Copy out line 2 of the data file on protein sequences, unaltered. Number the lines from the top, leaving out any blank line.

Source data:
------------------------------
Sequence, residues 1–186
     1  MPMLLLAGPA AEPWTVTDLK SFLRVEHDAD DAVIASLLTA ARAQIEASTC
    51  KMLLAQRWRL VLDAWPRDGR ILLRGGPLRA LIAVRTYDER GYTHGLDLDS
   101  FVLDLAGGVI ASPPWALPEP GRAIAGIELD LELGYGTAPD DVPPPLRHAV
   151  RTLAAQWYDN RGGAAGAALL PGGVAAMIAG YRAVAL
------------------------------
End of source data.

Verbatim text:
     1  MPMLLLAGPA AEPWTVTDLK SFLRVEHDAD DAVIASLLTA ARAQIEASTC